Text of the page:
Hyperventilation is any form of conscious or sub-conscious over-breathing. This means breathing more than the body needs for what it is trying to do. You wouldn’t breathe as if you were walking around when you are sitting on the sofa and you wouldn’t breathe as if running when you were walking. Hyperventilation can also be a chronic and subtle disease in the body, giving rise to a host of serious health problems. So why would anyone hyperventilate when they are preparing for a freedive?
When you hold your breath, rising levels of carbon dioxide give the body the first and most important trigger to breathe. This can be very uncomfortable and people think, incorrectly, that they are feeling the body ‘running out of oxygen’. Over-breathing reduces the levels of carbon dioxide in the blood (carbon dioxide levels are 150 times higher in the blood than in air so over-breathing can have a dramatic effect). As a result, if someone has over-breathed before a dive, then during the dive they have lower levels of carbon dioxide, which means that the dive can feel easier. Novice freedivers interpret this as ‘having more oxygen’ and so continue to hyperventilate as they believe it gives them more oxygen.
However, over-breathing (hyperventilation) is dangerous for freedivers for the following reasons:
- Having reduced the levels of carbon dioxide in the blood, the diver has taken away their primary urge to breathe and so they risk blacking out without any warning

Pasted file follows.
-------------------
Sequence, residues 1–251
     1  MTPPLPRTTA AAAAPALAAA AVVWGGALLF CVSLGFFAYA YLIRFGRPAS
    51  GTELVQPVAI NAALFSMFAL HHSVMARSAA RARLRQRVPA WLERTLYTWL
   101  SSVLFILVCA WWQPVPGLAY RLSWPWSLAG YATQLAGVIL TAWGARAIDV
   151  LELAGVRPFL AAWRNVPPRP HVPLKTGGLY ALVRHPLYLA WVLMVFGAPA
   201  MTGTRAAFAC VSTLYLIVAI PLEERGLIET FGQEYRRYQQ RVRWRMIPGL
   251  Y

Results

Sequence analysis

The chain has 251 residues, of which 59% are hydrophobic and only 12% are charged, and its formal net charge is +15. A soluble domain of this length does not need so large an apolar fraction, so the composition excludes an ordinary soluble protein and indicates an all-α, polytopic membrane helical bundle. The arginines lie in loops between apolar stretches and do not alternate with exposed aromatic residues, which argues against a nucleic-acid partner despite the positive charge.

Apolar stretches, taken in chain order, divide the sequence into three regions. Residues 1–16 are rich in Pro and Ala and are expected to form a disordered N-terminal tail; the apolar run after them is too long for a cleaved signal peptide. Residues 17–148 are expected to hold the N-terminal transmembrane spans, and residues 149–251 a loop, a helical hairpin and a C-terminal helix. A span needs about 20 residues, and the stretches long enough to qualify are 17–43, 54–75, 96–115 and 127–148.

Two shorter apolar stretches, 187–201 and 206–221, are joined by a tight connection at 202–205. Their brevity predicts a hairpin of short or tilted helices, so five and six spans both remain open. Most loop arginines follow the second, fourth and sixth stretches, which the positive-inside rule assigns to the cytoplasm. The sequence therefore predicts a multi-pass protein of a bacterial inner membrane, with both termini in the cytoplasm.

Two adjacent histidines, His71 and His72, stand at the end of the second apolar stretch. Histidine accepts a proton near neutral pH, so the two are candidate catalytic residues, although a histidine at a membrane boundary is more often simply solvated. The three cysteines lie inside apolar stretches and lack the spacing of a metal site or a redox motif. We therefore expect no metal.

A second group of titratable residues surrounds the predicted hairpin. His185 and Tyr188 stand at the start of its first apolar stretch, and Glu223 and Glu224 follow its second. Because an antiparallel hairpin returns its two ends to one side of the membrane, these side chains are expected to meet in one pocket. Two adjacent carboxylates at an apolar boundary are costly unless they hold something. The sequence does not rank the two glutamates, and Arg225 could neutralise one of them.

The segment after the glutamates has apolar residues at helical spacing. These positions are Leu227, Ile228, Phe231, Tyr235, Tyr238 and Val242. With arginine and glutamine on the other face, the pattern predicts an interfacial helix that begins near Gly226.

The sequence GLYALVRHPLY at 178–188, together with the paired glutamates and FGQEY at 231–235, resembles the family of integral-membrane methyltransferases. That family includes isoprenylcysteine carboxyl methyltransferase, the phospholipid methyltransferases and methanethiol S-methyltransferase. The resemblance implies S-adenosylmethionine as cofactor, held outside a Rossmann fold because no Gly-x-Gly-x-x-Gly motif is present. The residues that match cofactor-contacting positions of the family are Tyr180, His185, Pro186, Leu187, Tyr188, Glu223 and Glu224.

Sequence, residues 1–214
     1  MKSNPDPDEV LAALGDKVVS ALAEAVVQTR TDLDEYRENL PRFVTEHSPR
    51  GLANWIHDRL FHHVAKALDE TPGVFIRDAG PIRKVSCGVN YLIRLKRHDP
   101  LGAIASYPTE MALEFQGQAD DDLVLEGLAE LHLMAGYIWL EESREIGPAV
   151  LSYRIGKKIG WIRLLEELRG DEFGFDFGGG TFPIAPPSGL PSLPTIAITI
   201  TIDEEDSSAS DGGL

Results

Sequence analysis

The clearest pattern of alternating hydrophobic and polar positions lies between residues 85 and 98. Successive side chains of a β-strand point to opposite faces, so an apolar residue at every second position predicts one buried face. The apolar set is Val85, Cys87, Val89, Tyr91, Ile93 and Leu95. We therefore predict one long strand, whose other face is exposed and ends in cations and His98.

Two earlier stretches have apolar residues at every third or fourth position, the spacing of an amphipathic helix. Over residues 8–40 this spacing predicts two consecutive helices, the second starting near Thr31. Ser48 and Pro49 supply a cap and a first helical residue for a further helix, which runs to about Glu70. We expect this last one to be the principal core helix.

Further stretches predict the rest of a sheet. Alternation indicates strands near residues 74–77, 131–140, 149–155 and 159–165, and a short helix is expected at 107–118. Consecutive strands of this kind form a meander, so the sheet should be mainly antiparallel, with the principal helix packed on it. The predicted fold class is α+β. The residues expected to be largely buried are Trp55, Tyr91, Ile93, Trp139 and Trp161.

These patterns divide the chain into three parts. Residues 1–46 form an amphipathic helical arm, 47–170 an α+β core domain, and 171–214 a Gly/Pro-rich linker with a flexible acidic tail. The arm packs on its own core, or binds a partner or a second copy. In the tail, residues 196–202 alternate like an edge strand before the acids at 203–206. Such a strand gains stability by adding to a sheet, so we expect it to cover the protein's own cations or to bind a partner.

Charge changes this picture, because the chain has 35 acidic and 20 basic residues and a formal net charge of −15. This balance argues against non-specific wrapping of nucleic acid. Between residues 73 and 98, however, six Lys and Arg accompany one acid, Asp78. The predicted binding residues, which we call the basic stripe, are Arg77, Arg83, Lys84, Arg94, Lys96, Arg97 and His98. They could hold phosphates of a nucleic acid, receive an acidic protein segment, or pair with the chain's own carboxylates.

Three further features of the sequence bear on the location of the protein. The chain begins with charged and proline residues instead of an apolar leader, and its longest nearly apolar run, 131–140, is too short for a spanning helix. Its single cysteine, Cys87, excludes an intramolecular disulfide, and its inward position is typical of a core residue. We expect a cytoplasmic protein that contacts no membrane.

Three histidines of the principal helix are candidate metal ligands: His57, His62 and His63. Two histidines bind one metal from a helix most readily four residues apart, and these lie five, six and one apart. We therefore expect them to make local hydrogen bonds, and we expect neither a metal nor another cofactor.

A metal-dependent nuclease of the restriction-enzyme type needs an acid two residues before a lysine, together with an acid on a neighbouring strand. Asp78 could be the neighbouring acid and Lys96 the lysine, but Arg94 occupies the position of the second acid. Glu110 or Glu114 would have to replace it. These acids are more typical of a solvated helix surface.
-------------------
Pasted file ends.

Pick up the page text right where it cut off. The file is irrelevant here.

- It constricts the arteries supplying blood to the brain, and in extreme cases can cause a blackout before the diver has left the surface
- It raises the heart rate, thus increasing the rate at which the body burns precious oxygen
- It can take the body from a relaxed (parasympathetic) state of being to a ‘flop, freeze, fight or flight’ (sympathetic) state
- It causes oxygen to bond more strongly to hemoglobin (the Bohr effect), reducing the ability of your body to use the oxygen when it most needs it.
Symptoms of over-breathing can include:
- Tingling in the extremities
- Feeling lightheaded
- A metallic taste in the mouth
- The fingers and thumbs cramping inwards
If you think you have hyperventilated in your preparation, then hold your breath for a few seconds and put longer pauses in between inhales and exhales. Always remember, you should breathe in a very relaxed fashion, just imagine you are falling asleep. If your buddy can hear you breathing then you are not relaxed!